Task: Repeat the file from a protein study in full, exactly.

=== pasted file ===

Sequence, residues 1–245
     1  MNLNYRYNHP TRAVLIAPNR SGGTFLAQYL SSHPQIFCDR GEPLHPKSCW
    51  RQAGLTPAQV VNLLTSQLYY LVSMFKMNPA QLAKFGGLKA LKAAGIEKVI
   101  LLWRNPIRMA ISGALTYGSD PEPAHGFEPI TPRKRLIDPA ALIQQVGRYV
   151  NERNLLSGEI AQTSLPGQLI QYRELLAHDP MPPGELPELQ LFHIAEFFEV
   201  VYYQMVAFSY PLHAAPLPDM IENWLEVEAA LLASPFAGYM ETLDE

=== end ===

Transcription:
Sequence, residues 1–245
     1  MNLNYRYNHP TRAVLIAPNR SGGTFLAQYL SSHPQIFCDR GEPLHPKSCW
    51  RQAGLTPAQV VNLLTSQLYY LVSMFKMNPA QLAKFGGLKA LKAAGIEKVI
   101  LLWRNPIRMA ISGALTYGSD PEPAHGFEPI TPRKRLIDPA ALIQQVGRYV
   151  NERNLLSGEI AQTSLPGQLI QYRELLAHDP MPPGELPELQ LFHIAEFFEV
   201  VYYQMVAFSY PLHAAPLPDM IENWLEVEAA LLASPFAGYM ETLDE